Sunday is a big collection of funds for breast cancer research; a Montreal group is holding a sit-in in the John and Yoko room to demand better warnings about carcinogenic products. (It’s a small but niggling annoyance that the CTV site doesn’t provide a link to the site of the group they’re talking about: isn’t it time media websites acknowledged they’re part of the goddamn web? Some sites do, but many carry on as if they’re above it all, which doesn’t give them the air of objectivity they may be trying for – it just makes them feel out of touch.)
On another rant: I understand that when you have cancer, or someone close to you is given the diagnosis (I’ve experienced this recently) there is a desire to do something even if there’s actually little or nothing to do. But I find it sad that to raise funds for research into a fatal disease that touches everyone eventually we have to do these complicated PR exercises to collect relatively small amounts of money. Shouldn’t funding for this kind of thing be automatic, something society simply says “yes!” to, rather than making people grind out their nickels and dimes for?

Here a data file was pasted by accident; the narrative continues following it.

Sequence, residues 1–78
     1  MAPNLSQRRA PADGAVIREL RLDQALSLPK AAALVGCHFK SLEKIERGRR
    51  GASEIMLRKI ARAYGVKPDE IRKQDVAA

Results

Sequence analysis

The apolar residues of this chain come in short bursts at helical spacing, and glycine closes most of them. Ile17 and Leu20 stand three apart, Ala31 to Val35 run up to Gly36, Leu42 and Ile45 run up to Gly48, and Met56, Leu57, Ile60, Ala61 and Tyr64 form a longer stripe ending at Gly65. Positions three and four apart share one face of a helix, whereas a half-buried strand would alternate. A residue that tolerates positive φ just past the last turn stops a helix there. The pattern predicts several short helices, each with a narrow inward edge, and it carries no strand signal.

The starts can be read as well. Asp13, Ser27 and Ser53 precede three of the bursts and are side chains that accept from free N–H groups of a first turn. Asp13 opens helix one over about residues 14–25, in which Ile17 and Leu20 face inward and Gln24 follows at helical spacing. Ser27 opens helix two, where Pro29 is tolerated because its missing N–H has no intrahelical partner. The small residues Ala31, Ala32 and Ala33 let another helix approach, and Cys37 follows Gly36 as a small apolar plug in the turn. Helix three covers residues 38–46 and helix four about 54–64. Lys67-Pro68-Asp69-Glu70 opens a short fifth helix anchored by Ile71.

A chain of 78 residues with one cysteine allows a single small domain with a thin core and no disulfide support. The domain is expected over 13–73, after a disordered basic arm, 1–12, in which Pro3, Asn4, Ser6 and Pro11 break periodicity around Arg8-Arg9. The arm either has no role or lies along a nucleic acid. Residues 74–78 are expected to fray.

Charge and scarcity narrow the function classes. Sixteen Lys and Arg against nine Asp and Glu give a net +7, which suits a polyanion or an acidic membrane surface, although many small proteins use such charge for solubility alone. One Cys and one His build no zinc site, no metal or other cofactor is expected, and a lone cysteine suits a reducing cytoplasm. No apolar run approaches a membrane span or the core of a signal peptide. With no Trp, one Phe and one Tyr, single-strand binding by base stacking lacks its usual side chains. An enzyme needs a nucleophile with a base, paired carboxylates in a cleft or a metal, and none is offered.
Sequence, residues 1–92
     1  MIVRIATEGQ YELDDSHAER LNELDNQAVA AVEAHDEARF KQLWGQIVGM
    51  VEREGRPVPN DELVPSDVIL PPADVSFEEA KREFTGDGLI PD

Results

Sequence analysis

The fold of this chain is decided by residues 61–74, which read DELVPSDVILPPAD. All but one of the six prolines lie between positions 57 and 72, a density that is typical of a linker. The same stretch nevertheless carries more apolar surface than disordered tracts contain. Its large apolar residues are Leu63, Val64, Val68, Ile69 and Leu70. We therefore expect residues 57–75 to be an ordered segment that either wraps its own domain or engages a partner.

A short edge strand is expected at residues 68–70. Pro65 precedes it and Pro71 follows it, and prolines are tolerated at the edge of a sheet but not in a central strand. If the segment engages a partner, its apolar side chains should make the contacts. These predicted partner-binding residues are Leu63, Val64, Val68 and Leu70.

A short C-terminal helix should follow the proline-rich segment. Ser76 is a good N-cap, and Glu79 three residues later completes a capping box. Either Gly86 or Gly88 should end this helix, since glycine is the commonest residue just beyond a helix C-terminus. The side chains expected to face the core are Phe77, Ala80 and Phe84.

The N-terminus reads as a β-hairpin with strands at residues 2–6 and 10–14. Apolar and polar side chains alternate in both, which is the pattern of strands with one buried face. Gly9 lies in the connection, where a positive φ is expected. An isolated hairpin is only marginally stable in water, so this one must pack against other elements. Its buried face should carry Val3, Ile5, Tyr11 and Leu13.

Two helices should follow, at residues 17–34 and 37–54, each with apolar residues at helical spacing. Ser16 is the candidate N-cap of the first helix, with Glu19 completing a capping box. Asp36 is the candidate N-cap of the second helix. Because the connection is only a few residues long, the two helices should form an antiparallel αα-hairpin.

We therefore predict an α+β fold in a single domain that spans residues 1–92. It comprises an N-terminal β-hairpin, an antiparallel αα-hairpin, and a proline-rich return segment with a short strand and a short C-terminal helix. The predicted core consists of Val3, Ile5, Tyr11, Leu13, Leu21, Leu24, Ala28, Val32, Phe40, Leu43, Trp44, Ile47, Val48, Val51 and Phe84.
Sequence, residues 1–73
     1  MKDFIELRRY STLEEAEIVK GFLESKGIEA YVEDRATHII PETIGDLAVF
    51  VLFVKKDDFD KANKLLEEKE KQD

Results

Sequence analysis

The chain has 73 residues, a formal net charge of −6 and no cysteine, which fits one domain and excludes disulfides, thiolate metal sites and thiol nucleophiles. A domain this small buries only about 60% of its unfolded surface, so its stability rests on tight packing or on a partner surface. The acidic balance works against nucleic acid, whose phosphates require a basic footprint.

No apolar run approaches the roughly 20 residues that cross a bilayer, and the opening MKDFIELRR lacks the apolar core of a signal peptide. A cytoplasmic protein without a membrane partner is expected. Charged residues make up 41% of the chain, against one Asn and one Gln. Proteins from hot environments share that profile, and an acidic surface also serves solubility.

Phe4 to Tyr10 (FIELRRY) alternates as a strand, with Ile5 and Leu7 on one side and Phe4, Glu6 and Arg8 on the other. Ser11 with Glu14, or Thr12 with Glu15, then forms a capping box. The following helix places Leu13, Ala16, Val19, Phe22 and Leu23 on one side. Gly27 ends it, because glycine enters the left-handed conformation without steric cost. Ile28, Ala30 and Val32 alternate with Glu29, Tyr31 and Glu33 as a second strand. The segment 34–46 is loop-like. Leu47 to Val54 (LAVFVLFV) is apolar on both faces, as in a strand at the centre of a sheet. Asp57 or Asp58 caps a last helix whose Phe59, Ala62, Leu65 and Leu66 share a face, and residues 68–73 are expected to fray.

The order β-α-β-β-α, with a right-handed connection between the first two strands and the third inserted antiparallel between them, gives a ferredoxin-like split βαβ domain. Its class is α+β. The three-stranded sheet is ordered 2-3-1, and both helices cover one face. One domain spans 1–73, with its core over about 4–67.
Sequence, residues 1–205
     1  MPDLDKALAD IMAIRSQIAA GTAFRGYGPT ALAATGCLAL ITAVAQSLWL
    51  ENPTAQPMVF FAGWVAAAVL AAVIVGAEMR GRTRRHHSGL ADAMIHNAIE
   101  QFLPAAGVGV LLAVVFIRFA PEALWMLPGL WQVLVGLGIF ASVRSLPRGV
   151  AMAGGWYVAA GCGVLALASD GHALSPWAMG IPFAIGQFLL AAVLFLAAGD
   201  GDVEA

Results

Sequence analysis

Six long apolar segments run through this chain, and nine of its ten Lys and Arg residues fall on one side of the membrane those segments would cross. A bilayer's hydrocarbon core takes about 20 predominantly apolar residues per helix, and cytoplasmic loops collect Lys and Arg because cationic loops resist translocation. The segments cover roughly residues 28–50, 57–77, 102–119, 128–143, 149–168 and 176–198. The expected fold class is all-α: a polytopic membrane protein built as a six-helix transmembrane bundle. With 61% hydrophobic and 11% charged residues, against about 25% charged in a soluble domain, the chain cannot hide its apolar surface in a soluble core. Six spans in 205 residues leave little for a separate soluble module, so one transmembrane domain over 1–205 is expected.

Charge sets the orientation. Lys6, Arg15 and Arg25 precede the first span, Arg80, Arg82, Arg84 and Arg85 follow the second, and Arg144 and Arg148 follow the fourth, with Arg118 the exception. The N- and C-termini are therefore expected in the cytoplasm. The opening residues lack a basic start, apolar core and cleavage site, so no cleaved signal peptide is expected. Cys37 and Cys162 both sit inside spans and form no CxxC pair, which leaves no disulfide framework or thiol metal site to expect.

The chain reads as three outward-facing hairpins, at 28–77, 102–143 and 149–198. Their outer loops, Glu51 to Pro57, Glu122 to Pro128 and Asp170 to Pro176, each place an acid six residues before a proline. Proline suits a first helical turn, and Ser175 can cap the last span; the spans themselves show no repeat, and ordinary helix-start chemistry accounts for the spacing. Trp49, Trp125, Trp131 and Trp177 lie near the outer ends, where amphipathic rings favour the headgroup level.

I prefer the Breast Cancer Action approach, which is trying to help women avoid hazardous products and ingredients, but at the same time I feel a certain reserve in that it’s probably the whole combination of modern culture – fumes from plastics, unknown effects of electromagnetic radiation, unavoidable beauty and cleaning products, pesticide and hormone residues in our food – that pushes some folks’ body chemistry over the edge and makes them ill. So many factors we can’t control, and not many people will be prepared to go live in the wilderness to minimize them. Even if we still had wilderness.